The Wikipedia was started in the beginning of 2005, along with the Wolof Wikipedia and the Fula (Peul) Wikipedia. Kasper Souren, a Dutchman who worked with Geekcorps, established this Wikipedia while working in a mission in Mali. In December 2007 the Bambara Wikipedia had 142 articles and the Wikipedia in Fula had 28 articles. According to Souren, he was volunteering in Mali in 2005 when he first encountered the Bambara language.
Souren wrote in a report to an open source conference a Geekcorps Mali volunteer had created a side project where a person who wrote for the Wikipedia received $1 U.S. per article. Souren went to Bamako and met people at a community center. He paid each person willing to write an article $1 U.S. The authors had no internet connections and no Wikipedia usernames. They wrote articles in Microsoft Word and gave the files to Souren. Souren uploaded each article and credited the authors. Souren wrote "I can’t understand 100 percent of what they wrote, but I could estimate that it was right. It is a Wikipedia anyway, so I hope they can correct it."
The total expenses of the project amounted to fewer than $100 U.S. In regards to the payment, Ndesanjo Macha, a Wikipedian who speaks Swahili, argued that it's unnecessary to pay editors for their efforts, and he believed he was speaking for everyone in Africa. Noam Cohen of The New York Times wrote "Most of the people who have heard about Mr. Souren’s decision to pay for entries lauded his goal but questioned his tactics, saying that they undercut the Wikipedia spirit, and that, ultimately, a Bambara Wikipedia would work only if there was a voluntary community to support it." This project resulted in the partial translation of the interfaces of the Bambara and Fula Wikipedias and the creation of some articles for those Wikipedias. Souren wrote that after 2005 the Bambara and Fula Wikipedias had "only sparse activity". In December 2007 the Bambara Wikipedia had 142 articles and the Wikipedia in Fula had 28 articles.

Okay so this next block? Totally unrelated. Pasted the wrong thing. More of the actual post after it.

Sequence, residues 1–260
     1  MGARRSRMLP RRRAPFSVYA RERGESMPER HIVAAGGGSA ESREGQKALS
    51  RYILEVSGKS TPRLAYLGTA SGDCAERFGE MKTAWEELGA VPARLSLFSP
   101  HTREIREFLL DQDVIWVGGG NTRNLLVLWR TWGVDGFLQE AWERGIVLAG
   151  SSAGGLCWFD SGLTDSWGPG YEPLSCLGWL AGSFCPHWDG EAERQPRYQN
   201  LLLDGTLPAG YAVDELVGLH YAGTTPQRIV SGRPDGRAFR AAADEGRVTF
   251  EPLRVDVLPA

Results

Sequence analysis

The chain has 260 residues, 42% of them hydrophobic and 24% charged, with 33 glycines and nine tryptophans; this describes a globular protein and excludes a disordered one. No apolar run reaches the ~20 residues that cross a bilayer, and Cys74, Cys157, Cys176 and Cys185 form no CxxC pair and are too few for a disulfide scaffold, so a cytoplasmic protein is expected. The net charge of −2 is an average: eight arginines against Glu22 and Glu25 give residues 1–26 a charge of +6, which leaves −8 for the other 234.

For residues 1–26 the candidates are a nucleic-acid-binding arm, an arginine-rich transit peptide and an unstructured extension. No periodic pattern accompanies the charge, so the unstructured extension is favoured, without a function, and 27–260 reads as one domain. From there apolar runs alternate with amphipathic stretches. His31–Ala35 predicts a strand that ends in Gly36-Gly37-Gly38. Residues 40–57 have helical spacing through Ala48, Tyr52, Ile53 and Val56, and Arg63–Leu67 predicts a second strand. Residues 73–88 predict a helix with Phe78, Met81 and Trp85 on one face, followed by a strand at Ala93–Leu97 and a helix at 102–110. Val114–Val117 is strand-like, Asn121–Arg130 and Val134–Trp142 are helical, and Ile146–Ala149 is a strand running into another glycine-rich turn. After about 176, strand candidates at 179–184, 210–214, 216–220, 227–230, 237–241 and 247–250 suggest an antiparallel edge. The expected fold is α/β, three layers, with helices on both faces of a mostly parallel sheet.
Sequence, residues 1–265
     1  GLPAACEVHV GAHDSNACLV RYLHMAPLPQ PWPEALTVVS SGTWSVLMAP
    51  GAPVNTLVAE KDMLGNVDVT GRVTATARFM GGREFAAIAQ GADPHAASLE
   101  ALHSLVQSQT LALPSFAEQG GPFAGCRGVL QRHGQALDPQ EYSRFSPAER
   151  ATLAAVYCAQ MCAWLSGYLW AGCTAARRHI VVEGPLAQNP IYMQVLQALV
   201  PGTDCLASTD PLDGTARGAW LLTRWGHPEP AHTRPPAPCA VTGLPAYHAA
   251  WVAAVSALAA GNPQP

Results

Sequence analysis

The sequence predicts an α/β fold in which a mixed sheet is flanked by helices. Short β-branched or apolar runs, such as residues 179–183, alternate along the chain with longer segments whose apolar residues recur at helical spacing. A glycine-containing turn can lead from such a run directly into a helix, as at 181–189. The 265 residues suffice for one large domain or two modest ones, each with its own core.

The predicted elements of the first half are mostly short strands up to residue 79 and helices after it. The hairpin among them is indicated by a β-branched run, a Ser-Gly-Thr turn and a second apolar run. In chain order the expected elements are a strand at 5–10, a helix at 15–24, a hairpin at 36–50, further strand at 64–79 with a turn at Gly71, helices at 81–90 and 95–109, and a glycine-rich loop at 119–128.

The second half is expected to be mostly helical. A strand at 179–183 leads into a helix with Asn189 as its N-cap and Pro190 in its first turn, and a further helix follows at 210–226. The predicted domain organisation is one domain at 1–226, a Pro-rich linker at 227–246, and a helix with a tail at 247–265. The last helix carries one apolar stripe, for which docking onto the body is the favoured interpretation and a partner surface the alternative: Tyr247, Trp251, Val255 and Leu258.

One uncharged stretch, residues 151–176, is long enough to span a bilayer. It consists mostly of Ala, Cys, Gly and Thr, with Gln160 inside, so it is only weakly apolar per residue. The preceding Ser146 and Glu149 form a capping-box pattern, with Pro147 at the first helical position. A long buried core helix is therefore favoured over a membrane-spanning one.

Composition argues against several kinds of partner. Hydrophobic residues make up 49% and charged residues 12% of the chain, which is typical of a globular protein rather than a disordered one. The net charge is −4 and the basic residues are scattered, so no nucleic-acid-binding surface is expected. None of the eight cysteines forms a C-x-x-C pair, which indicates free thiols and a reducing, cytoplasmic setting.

In 2013 Valentin Vydrin, author of "Bamana Reference Corpus (BRC)", wrote that "The Bambara Wikipedia counts a couple of hundred entries, most of them rudimentary and often written without any respect for the rules of orthography."
- Lih, Andrew. The Wikipedia Revolution: How a Bunch of Nobodies Created the World's Greatest Encyclopedia. Hyperion, New York City. 2009. First Edition. ISBN 978-1-4013-0371-6 (alkaline paper).
- Lih, p. 158. Partial preview of relevant content, starting with "Nevertheless, one of those kick-start seed communities in Africa[...]"
- Cohen, Noam. "African Languages Grow as a Wikipedia Presence." (Print) The New York Times. August 26, 2006. Retrieved on April 5, 2014.
- Vydrin, Valentin. "Bamana Reference Corpus (BRC)." Procedia - Social and Behavioral Sciences. Elsevier. Volume 95, 25 October 2013, Pages 75–80. Available at ScienceDirect.
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